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  • Doing The Impossible: The Guts And Glory Success Story

    [05.03.18]
    - Jedediah Steen
  • "I want to quit my job and make games for a living."

    I thought my wife would fall out of her chair laughing when this sentence came out of my mouth. After all, I was working a full-time job, attending multiple online college courses, and digging my way out of debt. Not to mention I was in my mid-thirties and had zero professional game development background. Hell, I didn't even know what kind of game I wanted to make!

    Instead her reply was "Okay babe, just be smart about it." and she went back to drinking her quad grande two-pump mocha with whip cream and sprinkles. At least I had one thing working in my favor.

    Over the next couple of years, I would finish my bachelor's degree, build a game demo, market it, crowdfund it, sign a publishing deal, and quit my day job to do what I dreamed of doing since I was a kid. I actually made it!

    Guts and Glory was my first video game project. It hit #1 on Steam Greenlight, #1 on IndieDB.com(where it has remained for months) and has sold well over 100,000 copies in Early Access, where it hit the Steam Best Seller list for short time. Version 1.0 launches this Summer for PC and Consoles


    Screenshots of the (now defunct) Steam Greenlight stats for Guts and Glory

    As a solo project, Guts and Glory was a big success, but it wasn't easy. In fact, it was one of the hardest journeys of my life and I made many mistakes along the way. To help others who may be traveling this path, I've put together a list of helpful tips and advice. I could probably write a whole chapter on each of these points, but I'll do my best to keep them concise, yet valuable.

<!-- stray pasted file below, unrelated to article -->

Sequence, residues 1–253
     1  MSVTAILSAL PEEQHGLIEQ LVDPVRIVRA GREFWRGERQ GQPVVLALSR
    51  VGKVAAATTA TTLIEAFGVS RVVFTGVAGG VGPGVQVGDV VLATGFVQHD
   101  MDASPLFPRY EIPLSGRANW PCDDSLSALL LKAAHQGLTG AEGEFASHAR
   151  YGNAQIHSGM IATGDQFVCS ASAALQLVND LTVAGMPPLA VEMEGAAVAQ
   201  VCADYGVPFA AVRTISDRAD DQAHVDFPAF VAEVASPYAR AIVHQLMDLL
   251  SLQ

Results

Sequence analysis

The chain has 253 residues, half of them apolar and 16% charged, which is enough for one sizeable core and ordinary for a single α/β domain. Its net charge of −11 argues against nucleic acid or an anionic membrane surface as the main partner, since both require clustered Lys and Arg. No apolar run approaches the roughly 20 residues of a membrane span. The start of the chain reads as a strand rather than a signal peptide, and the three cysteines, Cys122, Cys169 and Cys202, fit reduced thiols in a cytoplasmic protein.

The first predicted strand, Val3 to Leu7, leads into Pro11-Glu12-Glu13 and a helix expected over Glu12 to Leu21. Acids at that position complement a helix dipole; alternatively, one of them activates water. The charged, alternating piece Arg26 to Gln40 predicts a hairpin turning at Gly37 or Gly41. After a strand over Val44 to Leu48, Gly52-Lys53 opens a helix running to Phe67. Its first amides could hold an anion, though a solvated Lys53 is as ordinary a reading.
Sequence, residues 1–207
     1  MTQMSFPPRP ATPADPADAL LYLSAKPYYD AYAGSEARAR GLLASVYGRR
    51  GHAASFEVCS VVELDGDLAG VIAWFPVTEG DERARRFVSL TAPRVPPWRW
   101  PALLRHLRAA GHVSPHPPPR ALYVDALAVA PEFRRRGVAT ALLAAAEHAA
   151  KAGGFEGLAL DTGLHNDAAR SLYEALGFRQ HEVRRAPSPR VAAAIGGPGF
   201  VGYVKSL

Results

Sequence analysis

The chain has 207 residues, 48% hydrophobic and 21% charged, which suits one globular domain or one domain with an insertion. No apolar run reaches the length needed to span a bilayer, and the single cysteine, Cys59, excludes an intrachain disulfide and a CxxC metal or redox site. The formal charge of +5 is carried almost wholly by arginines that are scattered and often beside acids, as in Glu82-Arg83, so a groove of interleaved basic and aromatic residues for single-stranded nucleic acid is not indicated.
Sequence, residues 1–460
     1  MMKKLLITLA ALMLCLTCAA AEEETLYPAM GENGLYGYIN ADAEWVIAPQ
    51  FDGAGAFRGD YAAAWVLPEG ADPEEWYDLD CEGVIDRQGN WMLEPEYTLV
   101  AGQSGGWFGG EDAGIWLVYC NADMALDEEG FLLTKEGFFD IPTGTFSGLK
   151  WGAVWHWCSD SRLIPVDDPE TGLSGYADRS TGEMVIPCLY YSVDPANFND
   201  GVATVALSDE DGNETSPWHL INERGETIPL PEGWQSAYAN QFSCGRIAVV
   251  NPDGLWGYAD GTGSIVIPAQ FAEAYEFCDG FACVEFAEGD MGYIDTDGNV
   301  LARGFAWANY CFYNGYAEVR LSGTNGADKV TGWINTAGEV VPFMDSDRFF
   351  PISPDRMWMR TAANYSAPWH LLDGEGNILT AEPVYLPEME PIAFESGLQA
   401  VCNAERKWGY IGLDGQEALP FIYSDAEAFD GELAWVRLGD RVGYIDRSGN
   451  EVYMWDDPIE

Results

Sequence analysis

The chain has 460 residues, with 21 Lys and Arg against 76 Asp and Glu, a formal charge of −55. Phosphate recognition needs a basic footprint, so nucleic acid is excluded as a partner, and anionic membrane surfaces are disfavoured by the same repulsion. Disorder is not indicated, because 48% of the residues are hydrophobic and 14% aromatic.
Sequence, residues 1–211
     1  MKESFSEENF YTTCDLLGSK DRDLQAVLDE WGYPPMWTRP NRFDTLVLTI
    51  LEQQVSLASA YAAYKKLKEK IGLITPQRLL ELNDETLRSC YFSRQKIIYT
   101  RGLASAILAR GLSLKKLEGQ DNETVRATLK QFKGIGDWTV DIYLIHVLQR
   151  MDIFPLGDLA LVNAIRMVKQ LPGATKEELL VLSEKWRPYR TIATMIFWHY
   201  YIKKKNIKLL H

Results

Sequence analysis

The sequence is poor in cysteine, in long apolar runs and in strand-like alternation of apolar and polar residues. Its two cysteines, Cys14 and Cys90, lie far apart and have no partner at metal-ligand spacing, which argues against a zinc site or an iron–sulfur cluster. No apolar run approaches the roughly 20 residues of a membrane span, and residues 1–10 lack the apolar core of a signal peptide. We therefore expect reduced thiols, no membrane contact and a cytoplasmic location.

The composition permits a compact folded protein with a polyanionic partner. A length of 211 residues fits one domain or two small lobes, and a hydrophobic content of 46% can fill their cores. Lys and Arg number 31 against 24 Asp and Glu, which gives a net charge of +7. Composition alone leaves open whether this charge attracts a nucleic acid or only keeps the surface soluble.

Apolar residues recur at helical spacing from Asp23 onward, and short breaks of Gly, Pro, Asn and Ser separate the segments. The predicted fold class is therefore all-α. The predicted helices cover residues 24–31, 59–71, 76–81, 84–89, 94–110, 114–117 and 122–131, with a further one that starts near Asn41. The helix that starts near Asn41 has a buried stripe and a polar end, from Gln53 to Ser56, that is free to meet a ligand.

(If you don't like reading, you can find a summary of my story in the first half of this video.)

    Your passion will become a chore

    Genius Game Development is 1% inspiration and 99% perspiration.

    I think the altered Thomas Edison quote above sums up game development quite well. Most of us get into this industry because of our love for the craft, but I think many of us don't realize just how much work goes into building a game until we actually try it. If you're new to gamedev, realize that no matter how much you love what you do, there will be many days where it becomes a chore; it comes down to good ol' fashioned hard work to actually finish a project. If you realize and accept this before beginning, you will have an easier go of it.


    Don't let anything distract you from the task at hand!

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